6. As the blush hit Boaz's cheeks, Kate's grin widened. For all her orchestrated politeness, Kate actually had very little shame. She'd never have survived if she did, there were plenty of aspects of her life that she should have been embarrassed by. Perhaps she genuinely didn't care, or maybe she was that well-practiced at distancing herself from the people she'd embarrassed herself in front of, it wasn't really relevant. And seeing Boaz blush was incredibly cute. "I was rather hoping you wouldn't say anything," she replied with a smirk. No point being coy about it. Kate didn't know what she wanted in the long term, but her short-term wants were crystal clear. Boaz was kind and thoughtful, intelligent and challenging in his own way. He was someone she could hold a conversation with, without wanting to shake him. Outside of Alan and Stuart, that made Boaz the closest thing Kate had to a "friend" in Narrie. With a sigh and another long sip, Kate let the grin fade. "I'm... actually serious," she admitted, her voice soft. "I haven't wanted anything like that from anyone in six years. It's... terrifying to feel like that again, but... I do. I did when I first met you, and you were nice to me even though I was horrible to you. You didn't have to help me, but you did. You made me feel like I was more than just the shell I'd become, more than Hazel's mum and Matthew's poor wife. I actually... do like you. A lot. And clearly, Hazel's noticed." Admitting it still felt like a betrayal to Matt, maybe one day that would get easier. Nothing good was coming of denying her wants and needs though, Hazel had shown her that. She needed to be happy again, and real. Herself. Not just a figure in other lives, but live her own life again. "Are you blushing because you're mortified I'd feel that way," she said, only a little awkwardly. Kate tried to pull back that wicked grin and easy confidence. "Or... because you've thought about it too?" It was supposed to be a light tease, make him blush again---but as she said it, she heard the words and cringed a little. What arrogance. She couldn't take them back now.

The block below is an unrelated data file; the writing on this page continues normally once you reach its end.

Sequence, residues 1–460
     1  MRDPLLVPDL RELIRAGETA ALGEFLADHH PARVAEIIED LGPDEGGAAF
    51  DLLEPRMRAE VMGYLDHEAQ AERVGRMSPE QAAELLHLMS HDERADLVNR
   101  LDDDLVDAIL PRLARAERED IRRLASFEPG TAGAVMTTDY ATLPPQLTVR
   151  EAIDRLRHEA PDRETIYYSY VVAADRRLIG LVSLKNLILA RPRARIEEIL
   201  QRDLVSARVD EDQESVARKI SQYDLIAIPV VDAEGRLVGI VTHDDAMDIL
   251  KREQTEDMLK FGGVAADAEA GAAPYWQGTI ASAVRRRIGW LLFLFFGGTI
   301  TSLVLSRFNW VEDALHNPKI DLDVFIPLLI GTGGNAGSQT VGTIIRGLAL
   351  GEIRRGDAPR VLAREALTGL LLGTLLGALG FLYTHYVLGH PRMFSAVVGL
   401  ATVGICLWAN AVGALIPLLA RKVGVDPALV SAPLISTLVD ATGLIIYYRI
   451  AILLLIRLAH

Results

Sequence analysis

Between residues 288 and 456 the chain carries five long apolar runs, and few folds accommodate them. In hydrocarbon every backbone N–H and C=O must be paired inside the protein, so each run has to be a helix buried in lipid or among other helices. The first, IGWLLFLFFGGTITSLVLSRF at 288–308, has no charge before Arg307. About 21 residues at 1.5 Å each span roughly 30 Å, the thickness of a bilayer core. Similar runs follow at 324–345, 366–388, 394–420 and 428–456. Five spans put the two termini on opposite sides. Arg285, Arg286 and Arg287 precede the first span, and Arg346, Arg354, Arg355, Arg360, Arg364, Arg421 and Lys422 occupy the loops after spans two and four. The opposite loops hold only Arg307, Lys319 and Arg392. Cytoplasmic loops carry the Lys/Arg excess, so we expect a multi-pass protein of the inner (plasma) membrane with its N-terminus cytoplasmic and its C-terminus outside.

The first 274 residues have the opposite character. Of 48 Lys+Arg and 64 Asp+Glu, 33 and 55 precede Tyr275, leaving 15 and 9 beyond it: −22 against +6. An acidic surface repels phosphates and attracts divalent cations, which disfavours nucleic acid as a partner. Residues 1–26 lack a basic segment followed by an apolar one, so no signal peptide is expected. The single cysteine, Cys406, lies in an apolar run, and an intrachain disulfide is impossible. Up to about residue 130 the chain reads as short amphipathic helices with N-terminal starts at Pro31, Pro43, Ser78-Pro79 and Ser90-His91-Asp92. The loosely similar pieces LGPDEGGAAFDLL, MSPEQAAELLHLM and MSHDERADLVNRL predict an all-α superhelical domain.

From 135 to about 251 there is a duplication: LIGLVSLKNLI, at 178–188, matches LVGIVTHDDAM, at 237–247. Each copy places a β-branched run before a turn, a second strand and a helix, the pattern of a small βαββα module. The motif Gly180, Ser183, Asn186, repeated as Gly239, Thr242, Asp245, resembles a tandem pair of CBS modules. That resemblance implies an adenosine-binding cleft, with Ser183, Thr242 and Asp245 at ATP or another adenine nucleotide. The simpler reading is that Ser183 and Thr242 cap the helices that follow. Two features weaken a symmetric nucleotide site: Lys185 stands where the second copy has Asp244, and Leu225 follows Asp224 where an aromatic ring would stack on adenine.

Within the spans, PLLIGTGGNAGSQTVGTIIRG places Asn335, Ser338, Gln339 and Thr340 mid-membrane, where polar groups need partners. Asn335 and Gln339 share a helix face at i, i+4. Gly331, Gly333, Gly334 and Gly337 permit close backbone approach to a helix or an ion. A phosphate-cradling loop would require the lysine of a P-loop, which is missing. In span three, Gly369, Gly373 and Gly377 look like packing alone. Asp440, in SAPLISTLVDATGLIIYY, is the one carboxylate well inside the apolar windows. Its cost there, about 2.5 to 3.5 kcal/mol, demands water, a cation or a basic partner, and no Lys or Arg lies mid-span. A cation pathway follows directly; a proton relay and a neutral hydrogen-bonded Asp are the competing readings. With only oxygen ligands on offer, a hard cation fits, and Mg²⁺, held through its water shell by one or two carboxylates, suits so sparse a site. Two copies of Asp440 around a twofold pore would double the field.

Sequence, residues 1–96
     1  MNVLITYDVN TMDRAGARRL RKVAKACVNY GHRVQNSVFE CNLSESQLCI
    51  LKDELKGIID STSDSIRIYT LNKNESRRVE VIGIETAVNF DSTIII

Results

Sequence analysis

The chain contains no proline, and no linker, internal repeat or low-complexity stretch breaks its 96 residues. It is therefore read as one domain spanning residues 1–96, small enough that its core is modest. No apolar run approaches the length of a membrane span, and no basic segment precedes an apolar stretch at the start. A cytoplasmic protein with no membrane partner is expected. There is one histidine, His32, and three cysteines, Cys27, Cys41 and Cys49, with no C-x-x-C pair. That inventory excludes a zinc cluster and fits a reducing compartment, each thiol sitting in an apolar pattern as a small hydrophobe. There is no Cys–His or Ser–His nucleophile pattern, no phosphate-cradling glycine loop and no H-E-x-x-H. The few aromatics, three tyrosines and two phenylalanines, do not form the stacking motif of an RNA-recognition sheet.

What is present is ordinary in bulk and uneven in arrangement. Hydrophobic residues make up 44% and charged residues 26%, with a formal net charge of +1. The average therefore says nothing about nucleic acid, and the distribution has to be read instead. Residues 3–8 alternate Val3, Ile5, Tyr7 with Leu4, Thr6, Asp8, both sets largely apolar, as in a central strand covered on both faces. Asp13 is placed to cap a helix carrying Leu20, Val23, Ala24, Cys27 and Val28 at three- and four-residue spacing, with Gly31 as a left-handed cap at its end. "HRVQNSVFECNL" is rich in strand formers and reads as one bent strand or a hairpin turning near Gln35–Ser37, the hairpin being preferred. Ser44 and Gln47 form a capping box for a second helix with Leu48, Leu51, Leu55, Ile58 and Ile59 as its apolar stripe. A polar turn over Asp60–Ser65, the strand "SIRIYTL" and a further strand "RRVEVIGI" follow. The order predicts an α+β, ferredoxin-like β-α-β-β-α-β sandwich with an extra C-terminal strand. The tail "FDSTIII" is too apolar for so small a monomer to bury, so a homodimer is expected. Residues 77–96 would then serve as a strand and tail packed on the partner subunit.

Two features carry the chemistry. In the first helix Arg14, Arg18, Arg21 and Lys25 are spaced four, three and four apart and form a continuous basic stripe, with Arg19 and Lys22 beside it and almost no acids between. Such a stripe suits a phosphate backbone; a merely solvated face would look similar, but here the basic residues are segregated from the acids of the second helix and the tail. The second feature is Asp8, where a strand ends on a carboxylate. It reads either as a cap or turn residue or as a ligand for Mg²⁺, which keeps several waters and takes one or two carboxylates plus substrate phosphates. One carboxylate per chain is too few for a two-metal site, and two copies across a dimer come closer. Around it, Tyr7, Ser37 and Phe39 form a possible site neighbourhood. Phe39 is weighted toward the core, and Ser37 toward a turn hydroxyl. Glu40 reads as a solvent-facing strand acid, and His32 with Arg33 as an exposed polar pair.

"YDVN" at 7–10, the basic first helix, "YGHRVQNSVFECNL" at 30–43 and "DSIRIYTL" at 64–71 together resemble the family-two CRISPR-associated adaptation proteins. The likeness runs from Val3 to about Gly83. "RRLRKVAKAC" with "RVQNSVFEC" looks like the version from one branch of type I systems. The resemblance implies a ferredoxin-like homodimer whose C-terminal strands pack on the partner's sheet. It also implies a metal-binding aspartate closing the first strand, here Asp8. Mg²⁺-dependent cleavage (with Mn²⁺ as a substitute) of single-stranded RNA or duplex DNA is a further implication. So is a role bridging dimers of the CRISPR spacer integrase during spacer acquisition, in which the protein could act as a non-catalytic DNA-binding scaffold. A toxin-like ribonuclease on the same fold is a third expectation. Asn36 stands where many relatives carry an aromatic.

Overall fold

7. Kate nodded. Boaz was wise. Very wise for someone who looked (to her) like they were probably homeless. He wasn't saying anything new, or terribly profound---certainly not anything that hadn't already been said to her by Alan or Stuart, even her mother had weighed in on this. Though, that had more been a thinly veiled attack on "that terrible Tallygarunga boy" than it was genuine concern for Kate's happiness. It was so much easier to tell her to go shove it when Matt had been up and around. "I guess the last person to accept that is... me," she shrugged. No one else had a problem with her moving on, least of all Hazel. Kate had always been the one to refuse. Always been the one who felt like it was cheating, unfaithful, that it made her the same sort of wife to Matt that... well. That she'd been to Seth. She wasn't proud of that. They'd all been such dumb kids. She stopped by the table, picking up the wine bottle and topping up her glass---before tilting the bottle back toward Boaz to offer the same to him. "My life has been on pause for years," she said, with a deep and resolute breath. "It's time I pressed 'play' again. And whatever happens... happens, right? Whether Matthew wakes up or... not... I won't have wasted any more years waiting." there was something very comforting about this decision. She felt like she could breathe a little better, stand a little straighter. The future was suddenly less bleak. Hazel would no longer be raised in a grey void of Kate's misery. There was... potential. Possibility. "Besides, I want a lot of things," Kate had always been a woman of ambition. That was no secret. She enjoyed her work at Penrose, hadn't tried to go beyond that for fear of losing her security. "Possibly a career change---do you think I would do well in the Ministry? I think I have the right level of 'ruthless bitch' to own that place. Then Laney can just have the damn school. You know I've been there for... almost my whole life. That's... upsetting..." Kate's voice trailed off as she went into a career crisis. She'd started at Penrose in one of the first rounds of pre-school programs, and only had four years at VMU before she took a job there teaching. "Good thing we rescued Hazel from that," she snorted, raising her glass as if it was a toast. "She's a smart kid. Such a smart kid, she just knows things... but you know that. Of course you do. You're her teacher." Kate had her wagging finger out, pointed at Boaz. "And you're kind of teaching me now. Isn't that fun? But I need it, I do, I'm... it's a difficult crossroads in my life this one, but you're absolutely right. I am allowed to want these things for myself." Kate looked up at him, her lips curling into a devilish grin not seen in years. "I'm allowed to want you to kiss me," she said airily. "You can't stop me."